Despite the obvious attraction of it exploring the world famous Pooh stories, it’s a film much more interested in the effect it has on a fractured family clinging on to peacefulness, not least the unwanted attention thrust upon a young boy who simply isn’t equipped to handle it and how his parents carry on oblivious.

If anything it takes a curiously bleak outlook on what these stories mean to the world once they’ve been put out there, conveying a somewhat confusing message for a film that ultimately wants us to celebrate these stories as immortally cherished tales; that the Winnie the Pooh embraced immediately by the public and has now stood the test of time for almost a century is in some way missing the point of what it truly means to the author and a son who, inadvertently or not, was used as a tool of innocence to sell the idea of an idyllic childhood in Milne’s Hundred Acre Wood.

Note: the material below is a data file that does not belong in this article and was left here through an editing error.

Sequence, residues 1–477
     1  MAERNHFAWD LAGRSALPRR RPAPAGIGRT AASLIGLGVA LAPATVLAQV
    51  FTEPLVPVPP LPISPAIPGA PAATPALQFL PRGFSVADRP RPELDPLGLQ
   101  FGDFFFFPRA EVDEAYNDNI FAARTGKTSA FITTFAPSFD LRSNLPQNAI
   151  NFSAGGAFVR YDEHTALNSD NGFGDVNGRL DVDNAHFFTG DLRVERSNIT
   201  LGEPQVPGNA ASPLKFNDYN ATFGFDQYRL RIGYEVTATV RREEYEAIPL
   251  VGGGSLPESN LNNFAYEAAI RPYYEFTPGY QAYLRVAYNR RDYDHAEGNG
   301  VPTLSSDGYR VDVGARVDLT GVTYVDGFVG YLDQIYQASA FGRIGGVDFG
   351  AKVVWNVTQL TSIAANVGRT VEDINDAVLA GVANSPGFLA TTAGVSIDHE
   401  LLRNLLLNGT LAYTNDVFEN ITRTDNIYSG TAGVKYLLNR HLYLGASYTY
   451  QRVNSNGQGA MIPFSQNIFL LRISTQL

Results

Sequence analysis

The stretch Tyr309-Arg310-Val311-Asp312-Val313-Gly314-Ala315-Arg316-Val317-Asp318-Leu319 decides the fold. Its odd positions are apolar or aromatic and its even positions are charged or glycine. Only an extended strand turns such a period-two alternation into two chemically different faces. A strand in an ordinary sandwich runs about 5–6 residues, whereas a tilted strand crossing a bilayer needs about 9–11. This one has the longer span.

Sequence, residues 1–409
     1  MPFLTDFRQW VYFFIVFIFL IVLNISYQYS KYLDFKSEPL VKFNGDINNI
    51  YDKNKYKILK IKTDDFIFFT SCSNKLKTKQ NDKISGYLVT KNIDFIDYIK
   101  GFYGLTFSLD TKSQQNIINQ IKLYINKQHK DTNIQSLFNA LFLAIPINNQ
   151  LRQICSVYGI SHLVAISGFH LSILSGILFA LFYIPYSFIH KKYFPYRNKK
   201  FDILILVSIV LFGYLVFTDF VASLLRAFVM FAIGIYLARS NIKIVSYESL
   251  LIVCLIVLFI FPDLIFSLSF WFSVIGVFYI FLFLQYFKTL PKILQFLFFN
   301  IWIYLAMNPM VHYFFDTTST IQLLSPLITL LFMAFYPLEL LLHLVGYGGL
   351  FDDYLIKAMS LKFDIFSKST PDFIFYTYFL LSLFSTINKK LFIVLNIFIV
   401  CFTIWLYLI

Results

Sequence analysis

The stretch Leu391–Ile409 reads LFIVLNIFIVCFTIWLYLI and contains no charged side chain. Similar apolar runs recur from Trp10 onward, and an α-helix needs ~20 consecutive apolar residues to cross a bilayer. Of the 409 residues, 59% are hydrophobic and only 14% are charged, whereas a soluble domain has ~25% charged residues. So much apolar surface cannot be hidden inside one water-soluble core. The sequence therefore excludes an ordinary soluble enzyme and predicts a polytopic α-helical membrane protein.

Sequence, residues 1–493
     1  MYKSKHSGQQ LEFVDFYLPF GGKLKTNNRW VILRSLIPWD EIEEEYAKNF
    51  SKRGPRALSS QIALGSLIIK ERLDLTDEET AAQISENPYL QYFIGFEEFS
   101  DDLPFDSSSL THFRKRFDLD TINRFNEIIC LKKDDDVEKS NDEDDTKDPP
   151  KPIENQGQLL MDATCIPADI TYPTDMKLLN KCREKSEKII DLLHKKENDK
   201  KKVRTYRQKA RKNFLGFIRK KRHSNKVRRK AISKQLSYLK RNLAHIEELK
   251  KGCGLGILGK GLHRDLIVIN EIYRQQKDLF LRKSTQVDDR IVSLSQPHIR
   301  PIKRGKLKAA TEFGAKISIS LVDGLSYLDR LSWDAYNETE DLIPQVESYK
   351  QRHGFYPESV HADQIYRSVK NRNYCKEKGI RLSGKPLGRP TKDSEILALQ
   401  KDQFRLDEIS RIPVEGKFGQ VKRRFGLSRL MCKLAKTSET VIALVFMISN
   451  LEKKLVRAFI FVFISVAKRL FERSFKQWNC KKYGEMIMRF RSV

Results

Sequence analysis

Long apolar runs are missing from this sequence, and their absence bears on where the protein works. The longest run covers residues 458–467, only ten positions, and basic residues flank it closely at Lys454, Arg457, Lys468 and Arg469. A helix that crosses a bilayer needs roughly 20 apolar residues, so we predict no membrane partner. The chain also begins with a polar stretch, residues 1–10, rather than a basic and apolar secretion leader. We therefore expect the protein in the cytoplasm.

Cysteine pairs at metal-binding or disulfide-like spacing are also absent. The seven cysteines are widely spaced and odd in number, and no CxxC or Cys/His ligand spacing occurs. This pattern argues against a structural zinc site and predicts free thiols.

It’s bolstered by almost uniformly moving performances; Gleeson plays Milne with a kind of damaged empathy that makes you feel like you get to know the author beyond the public persona. Macdonald is oftentimes heart-breaking as Christopher’s devoted caregiver and Tilston walks away with the film as the adorably sweet-natured young Christopher. It’s only with Robbie that the film makes a misstep; she’s miscast as Milne’s wife and never stepping out of the shadow of cold motherly cliché.

In spite of its darker leanings, the film remains too buttoned up to properly wrestle with those themes in any sort of lasting way, far too polite to ever dive head first into the murky waters into which the drama intermittently peers.

Wrapped in Ben Smithard’s handsomely old-fashioned cinematography and soaked in Carter Burwell’s perpetually swelling score, it’s an aesthetically and emotionally appealing but nevertheless fairly vanilla period biopic best suited to being enjoyed on a rainy Sunday afternoon with tea and biscuits.

6.5 out of 10